Stopped along Maestas Road on the way to town the other day to photograph our acequia ditch as it flows northwest toward the property I live on. The source of this water is the Rio Chiquito which comes off the Sangre De Christo mountains and eventually flows into the Rio Pueblo which joins the Rio Grande. A well near this river supplies the drinking water for our neighborhood (tests drinkable without added chemicals).

Taos Farmer’s Market booth

 

Peas & Hollyhocks

Took this photo yesterday. Had to make an unplanned stop when I saw hollyhocks blooming along the main street of Taos. I guess when it comes to certain flowers I am a passionate journalist photographer. I’ll show you one of my small hollyhock paintings at the end of this blog and you’ll see the LOVE in it. My affection for hollyhocks is hardly new but it’s one of those unexpected and endearing things I love about Taos, they’re plentiful in the historic district.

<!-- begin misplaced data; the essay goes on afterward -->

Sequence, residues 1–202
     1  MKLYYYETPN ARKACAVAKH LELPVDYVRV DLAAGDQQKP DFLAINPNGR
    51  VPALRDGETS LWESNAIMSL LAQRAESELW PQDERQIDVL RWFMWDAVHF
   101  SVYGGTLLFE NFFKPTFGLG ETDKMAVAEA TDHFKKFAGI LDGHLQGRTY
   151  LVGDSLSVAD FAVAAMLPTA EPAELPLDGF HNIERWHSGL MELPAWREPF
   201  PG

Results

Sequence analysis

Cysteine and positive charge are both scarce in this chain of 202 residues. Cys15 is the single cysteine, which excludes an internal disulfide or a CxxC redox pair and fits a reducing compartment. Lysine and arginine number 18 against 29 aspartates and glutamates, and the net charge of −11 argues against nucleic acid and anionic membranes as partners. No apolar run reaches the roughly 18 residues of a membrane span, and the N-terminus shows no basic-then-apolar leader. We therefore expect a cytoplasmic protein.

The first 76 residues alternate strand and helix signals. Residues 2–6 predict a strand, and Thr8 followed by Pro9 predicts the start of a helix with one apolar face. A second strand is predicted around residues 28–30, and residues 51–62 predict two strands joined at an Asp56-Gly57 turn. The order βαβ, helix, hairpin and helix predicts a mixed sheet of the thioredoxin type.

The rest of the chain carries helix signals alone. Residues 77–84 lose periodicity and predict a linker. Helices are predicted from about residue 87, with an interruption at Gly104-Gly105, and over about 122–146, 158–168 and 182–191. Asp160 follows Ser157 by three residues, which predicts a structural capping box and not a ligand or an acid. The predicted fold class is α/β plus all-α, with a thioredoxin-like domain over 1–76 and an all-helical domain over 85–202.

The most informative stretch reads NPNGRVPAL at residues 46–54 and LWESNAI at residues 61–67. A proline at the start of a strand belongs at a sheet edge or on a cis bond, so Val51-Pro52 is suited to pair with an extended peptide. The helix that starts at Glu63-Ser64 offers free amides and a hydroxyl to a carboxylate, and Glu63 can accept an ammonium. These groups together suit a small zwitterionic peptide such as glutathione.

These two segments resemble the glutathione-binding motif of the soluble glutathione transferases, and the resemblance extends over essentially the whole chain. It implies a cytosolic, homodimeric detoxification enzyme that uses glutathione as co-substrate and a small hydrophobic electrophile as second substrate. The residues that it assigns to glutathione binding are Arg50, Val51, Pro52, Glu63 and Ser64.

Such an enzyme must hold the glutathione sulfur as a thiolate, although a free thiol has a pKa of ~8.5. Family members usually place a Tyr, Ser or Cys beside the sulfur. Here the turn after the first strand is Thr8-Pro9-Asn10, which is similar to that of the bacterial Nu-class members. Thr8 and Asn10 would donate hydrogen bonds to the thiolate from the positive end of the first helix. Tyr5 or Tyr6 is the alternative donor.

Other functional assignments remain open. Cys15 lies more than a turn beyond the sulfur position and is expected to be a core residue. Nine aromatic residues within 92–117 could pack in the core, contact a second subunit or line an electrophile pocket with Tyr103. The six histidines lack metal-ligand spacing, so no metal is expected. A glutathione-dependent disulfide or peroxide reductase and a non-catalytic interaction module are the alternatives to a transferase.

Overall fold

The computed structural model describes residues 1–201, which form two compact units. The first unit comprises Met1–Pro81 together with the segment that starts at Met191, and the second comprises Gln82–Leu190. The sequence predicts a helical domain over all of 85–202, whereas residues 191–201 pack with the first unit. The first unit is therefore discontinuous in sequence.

While on the topic of flowers I found this beauty of a peony at the Hanuman Temple last Sunday. They have good perennial landscaping around their main building so lots of early blooms which adds to the charm of going there this time of year.

Here’s another photo of the grounds of the temple with its nice mix of trees, bushes and perennial beds. These great Oriental poppies will be history very soon, but they do make a wondrous statement when they appear. As you see they can thrive in the Taos climate zone, as will peonies.